Skip to main content

What's That Hiding in the Banana Leaves?

Since we don't have a garage we hide our lawn mower in the banana leaves during the day and bring it inside (in our living room) at night. In fact, our living room is our storage place for all our gardening tools, mower, and motorcycle! It is not a big living room, either.

When our lawn mower was stolen we had no idea who knew where it was hidden. We were crushed to learn that it was a young man (Luis) that Hubby had been mentoring weekly. He had taken it while we were out and sold it to his neighbor! His mom, who is a Christian, found out and went to the neighbor and threatened to report him to the police (since he knew the lawnmower did not belong to Luis).

The man turned over the lawn mower to Luis' mom and she gave it back to us. We've had to pray about how to deal with the situation because we were very hurt by Luis' actions and yet we want to show grace and love. We are thankful that we were able to recover our lawn mower and for the honesty of Luis' mom in this situation.

Poverty brings out the desperation in people. Many Paraguayans are petty thieves and think it's much easier to steal than to find work. We resonate with Ephesians 4:28. It says, "Let the thief no longer steal, but rather let him labor, doing honest work with his own hands, so that he may have something to share with anyone in need." This situation continues to burn in our hearts the importance of training Paraguayans in trades so that they can begin to leave the cycle of poverty and the mentality of unhealthy dependence (or stealing).

In the next year, we are going to be focusing more of our time and energy in micro enterprise and development. We'll be updating soon about the farm projects and we ask you to pray for us for wisdom and God's leading for us, and for those we'll we walking alongside, like Luis.


Popular posts from this blog

September highlights. A month in Paraguay

I want to thank you for hanging out with us this past month. Every day was different. Sometimes I wish I had more of a routine. But in my missionary role, routine is not something I experience very often. Here are a few September highlights.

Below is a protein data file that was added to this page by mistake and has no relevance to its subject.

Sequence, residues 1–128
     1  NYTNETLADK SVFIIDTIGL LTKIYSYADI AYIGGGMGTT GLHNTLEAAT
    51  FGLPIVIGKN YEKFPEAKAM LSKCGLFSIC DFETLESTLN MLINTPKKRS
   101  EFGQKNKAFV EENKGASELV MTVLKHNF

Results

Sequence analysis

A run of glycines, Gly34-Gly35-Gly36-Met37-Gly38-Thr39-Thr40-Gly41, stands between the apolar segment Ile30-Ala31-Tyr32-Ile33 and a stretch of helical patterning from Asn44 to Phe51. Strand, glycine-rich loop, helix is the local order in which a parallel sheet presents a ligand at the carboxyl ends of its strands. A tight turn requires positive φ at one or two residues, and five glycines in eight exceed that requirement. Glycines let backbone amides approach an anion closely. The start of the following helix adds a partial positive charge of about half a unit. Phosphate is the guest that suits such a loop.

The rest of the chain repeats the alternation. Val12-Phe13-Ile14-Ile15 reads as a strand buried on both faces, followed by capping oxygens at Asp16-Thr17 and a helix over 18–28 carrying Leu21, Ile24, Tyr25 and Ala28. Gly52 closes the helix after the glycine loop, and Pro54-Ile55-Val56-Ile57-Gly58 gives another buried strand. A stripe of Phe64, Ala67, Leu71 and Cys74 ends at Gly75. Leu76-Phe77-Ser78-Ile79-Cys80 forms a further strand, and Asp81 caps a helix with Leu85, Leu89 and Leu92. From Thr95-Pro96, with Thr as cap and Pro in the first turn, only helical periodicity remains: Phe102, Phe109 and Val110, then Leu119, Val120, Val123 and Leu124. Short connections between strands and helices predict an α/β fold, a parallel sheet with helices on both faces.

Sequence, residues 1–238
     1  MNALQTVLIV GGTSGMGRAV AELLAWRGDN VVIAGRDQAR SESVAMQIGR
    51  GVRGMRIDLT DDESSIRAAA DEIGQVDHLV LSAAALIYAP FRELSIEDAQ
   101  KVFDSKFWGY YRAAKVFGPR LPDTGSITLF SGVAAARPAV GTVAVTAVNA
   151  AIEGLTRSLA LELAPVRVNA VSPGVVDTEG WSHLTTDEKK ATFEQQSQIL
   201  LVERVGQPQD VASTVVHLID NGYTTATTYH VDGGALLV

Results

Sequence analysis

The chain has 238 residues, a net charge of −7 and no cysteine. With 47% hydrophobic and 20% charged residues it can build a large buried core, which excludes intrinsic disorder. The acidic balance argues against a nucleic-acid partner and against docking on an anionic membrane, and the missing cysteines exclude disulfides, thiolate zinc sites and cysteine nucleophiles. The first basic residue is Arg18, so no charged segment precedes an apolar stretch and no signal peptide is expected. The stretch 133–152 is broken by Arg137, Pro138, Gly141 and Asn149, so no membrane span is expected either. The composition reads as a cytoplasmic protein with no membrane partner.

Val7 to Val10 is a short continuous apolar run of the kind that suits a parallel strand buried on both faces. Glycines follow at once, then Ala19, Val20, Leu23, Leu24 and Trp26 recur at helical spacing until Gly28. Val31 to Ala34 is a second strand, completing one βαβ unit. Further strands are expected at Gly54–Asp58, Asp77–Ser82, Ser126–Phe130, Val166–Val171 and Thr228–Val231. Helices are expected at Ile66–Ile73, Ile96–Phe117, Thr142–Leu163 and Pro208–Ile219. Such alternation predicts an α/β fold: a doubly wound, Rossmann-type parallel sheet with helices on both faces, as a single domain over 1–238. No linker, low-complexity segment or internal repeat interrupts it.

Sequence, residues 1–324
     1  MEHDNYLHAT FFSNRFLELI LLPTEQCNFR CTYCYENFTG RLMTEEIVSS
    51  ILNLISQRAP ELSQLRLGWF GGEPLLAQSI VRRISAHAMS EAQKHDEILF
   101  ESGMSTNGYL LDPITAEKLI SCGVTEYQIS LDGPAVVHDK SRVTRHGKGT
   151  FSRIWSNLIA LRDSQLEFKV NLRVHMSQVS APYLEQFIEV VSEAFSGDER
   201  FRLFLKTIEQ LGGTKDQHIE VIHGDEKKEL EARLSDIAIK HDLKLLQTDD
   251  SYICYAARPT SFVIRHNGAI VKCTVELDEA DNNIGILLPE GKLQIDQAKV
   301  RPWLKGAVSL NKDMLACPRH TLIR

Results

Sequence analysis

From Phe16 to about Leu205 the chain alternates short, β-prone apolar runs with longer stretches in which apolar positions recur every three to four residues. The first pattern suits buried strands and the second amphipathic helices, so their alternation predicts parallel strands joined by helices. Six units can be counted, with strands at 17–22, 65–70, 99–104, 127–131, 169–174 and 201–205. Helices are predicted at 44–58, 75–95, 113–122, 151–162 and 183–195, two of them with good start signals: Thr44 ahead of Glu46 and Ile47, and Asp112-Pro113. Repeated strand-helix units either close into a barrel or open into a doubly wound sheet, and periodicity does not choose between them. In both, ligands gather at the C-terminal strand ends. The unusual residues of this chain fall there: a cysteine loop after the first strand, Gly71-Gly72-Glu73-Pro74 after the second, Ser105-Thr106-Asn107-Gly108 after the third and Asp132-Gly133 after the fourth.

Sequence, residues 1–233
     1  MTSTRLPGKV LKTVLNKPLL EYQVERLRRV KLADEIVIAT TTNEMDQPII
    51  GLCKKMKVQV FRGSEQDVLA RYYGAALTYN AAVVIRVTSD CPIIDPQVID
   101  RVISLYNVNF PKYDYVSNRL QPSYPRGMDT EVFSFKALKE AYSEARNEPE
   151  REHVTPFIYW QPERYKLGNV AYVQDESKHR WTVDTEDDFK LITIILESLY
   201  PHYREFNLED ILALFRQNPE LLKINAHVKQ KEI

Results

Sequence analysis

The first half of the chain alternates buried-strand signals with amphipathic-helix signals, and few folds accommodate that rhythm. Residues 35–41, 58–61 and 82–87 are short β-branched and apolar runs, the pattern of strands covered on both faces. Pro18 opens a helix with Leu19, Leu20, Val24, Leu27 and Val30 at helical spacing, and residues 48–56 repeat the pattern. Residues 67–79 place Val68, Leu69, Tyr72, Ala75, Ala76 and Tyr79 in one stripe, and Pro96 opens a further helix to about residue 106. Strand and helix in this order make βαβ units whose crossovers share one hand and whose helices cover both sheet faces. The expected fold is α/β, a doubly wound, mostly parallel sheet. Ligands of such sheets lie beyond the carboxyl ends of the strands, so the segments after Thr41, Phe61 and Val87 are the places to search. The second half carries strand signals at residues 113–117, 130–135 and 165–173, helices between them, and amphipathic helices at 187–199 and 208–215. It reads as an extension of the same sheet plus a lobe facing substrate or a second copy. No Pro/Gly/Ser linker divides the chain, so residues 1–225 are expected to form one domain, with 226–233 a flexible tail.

We traveled to Asuncion, to get some paperwork done. The trip to Asuncion generally takes six hours on a two lane road, with crazy traffic. We avoid these trips as much as possible. 

I was part of a Baptism ceremony in the Parana River. 28 people made a public commitment. The Parana Rive is the second one in size after the Amazon River.

I had a chance to continue my bible teaching at our local church on Tuesday evenings. I fill in various classes and find teaching very rewarding.
We celebrated Anahi’s 6th birthday with our immediate family. Anahi is finishing her preschool and will start first great next year

We celebrated Dominick’s 4th month. He also got his shots last week. Dominick has occupied the center of attention. He has been a great joy for …

Christmas in Paraguay!

If you're wondering what Paraguayans do at Christmastime, they have some great traditions, including the "noche buena" meal on Christmas Eve at midnight.  They eat lots chipa guasu (a type of corn casserole, stay tuned for a recipe), asado or grilled meat (some eat it cold), salads, especially fruit salad, watermelon and drink mucho terere.

Families travel from all over the country, many even return from working in other countries like Brazil, Argentina, and Spain, to celebrate with loved ones. This is us at last year's Kurrle celebration in Asuncion. Festivities are anything but a silent night with fireworks, loud music and drinking cidra (hard cider). 

Most Paraguayans do not decorate Christmas trees (we decorate ours in shorts!) or emphasize Santa Claus.  Instead, they put beautiful nativities "pesebres" in their yards and in store fronts.  Kind of novel to focus on Christ at Christmas, isn't it!

To beat the heat, many Paraguayans go to a river to rel…

Technology in missions

As I started my day, within a few hours, I had a list of things to do. By 10 am I had enough items to keep me busy for a week. After several hours in the office, I was able to send audio messages and video conference with people on both side of the Equator. I sent letters out to several people in just a few seconds. I posted on FB, and I googled some maps while listening to a webinar.
Did my grandparents or even my parents have these technologies? The answer is no. David and Lilian Meier left on a steam ship the port of New Orleans in December of 1935 towards South America. All the field knowledge they had was a letter from a German missionary who wrote to America saying. Will someone come to Brazil?

That was the beginning. Their first trip lasted a decade serving in several places in South America. There where no phone calls, no daily FB updates and no cool Instagram pictures. Few words on a telegram, or when letters were written they delivered weeks later were the ways of communica…